To highlight where and how transport planners could do more in this area, I firstly focused on and examined how the United Nation’s Sustainable Development Goals (SDG) could be further adopted to the surface access element of aviation by using successful examples from other airports around the world. The aviation sector already supports and complements 15 out of the 17 SDG Goals just through its day-to-day operation, so my aim was to see how many SDG targets could be supported and achieved through successful surface access.

While researching environmentally friendly airports and reading about their actions to create sustainable aviation, I realised we don’t always have to reinvent the wheel; instead, we should just see if certain initiatives could be tailored to the individual airport, as there will never be a ‘one fits all’ solution to achieve targets.

I also realised that to achieve any of the proposed SGD targets by 2030, we need to better understand consumers` behaviour and how to influence them. Therefore, in the second part of my paper my focus fell on the challenges and potential ways to behavioural change, as people`s awareness and understanding of climate change does not necessarily reflect in their actions with respect to mode of transport. As professionals we need to be more aware that a mixture of commercial and personal decisions, as well as other factors such as time, accessibility, affordability, comfort, personal safety, convenience and reliability, play a part when choosing the method of accessing airports. Passengers and staff have different needs too, which makes the tailoring of different measures even more challenging. So we need to use segmentation based on individual’s needs, preferences and psychological attitudes or motivations regarding surface access travel, not just sociodemographic classification.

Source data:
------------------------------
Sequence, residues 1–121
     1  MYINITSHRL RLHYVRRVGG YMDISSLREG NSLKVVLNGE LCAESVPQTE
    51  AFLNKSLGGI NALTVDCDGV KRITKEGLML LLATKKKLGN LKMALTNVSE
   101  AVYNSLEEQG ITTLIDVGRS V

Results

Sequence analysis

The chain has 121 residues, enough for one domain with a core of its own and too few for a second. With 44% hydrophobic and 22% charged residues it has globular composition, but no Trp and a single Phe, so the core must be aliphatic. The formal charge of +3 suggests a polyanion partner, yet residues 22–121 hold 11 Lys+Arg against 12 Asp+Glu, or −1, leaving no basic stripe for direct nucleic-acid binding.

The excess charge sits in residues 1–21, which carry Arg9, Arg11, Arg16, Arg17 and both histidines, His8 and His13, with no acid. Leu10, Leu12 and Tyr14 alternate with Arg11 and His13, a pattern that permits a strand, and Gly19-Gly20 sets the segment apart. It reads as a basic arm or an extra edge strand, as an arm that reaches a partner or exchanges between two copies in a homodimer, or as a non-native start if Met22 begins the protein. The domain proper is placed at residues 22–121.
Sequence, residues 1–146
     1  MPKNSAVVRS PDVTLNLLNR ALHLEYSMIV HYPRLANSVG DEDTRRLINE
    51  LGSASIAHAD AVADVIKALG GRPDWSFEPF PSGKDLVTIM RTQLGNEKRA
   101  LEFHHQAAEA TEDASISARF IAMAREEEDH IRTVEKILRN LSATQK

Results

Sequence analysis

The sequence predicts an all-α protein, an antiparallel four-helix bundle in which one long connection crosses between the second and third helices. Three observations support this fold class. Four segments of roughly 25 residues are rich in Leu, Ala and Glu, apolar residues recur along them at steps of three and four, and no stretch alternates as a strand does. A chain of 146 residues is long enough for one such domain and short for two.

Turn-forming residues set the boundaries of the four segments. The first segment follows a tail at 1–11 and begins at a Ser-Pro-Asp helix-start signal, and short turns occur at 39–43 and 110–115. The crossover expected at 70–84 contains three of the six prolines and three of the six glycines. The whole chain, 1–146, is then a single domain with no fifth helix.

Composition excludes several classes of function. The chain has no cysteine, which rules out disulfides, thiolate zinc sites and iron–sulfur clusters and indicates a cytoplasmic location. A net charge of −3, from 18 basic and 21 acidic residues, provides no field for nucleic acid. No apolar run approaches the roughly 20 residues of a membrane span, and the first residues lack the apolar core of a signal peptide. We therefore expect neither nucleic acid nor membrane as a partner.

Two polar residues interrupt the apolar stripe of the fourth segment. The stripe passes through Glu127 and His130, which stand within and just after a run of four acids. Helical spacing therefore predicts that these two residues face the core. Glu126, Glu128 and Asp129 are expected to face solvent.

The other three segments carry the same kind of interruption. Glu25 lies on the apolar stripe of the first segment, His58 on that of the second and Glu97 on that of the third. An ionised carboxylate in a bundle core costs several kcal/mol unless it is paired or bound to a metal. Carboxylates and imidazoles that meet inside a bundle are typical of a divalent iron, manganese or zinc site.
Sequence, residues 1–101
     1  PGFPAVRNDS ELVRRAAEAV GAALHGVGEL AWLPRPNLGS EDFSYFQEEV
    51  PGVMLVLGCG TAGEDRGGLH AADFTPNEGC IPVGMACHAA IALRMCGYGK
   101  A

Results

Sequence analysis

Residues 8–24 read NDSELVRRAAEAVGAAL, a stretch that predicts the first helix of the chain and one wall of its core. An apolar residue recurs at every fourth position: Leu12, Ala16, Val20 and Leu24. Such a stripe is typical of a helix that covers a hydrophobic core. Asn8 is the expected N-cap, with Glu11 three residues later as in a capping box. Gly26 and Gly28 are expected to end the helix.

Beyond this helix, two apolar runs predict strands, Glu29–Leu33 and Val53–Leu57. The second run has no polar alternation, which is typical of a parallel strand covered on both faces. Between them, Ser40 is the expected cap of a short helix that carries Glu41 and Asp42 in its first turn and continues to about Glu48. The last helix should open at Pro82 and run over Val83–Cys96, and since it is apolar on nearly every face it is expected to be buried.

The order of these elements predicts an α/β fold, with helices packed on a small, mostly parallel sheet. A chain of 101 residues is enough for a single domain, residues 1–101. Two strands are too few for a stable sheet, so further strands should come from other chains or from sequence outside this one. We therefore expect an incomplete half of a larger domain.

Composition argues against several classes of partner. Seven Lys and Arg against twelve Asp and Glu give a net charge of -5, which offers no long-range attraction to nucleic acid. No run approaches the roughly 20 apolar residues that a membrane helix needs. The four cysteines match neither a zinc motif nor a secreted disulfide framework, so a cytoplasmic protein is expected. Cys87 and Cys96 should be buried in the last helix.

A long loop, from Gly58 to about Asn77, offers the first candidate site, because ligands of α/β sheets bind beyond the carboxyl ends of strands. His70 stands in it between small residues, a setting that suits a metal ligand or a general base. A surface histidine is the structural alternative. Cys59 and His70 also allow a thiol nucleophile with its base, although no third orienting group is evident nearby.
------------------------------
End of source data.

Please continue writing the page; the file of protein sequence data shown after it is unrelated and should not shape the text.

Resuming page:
Of course reading about facts is one way to see the bigger picture, but in order to better understand the current/site specific situation at Manchester Airport and get to know how the airport itself feels about the future, my desk-based research was complemented by a face-to-face discussion with Manchester Airport Group`s Planning and Surface Access Strategy Managers. This allowed me to have answers to my questions, to gain information about future plans and initiatives that were not available for the public at the time, and to share some of my point of view on this topic. This was because I realised that we Transport Planners will not be able to reduce the massive effect of transportation on our own, so we need to create strong relationships with other domains and work together in order to tackle climate crisis.

Recommendations for Transport Planners

While I had time constraints and a word limit on my research paper, there is no limit on expanding and sharing my knowledge on this topic and I highly recommend that all Transport Planners do the same.

I think we all should:

  • Become experts on climate change by constantly educating ourselves and following up on recent events;
  • Be active about climate crises by talking about these issues with a wider audience and reminding people how important this topic is;
  • Accept the fact that we need strong relationships with other domains, so start building and nurturing for these connections; and
  • Continuously inspire our community and future generations with the actions we take to tackle the climate crisis.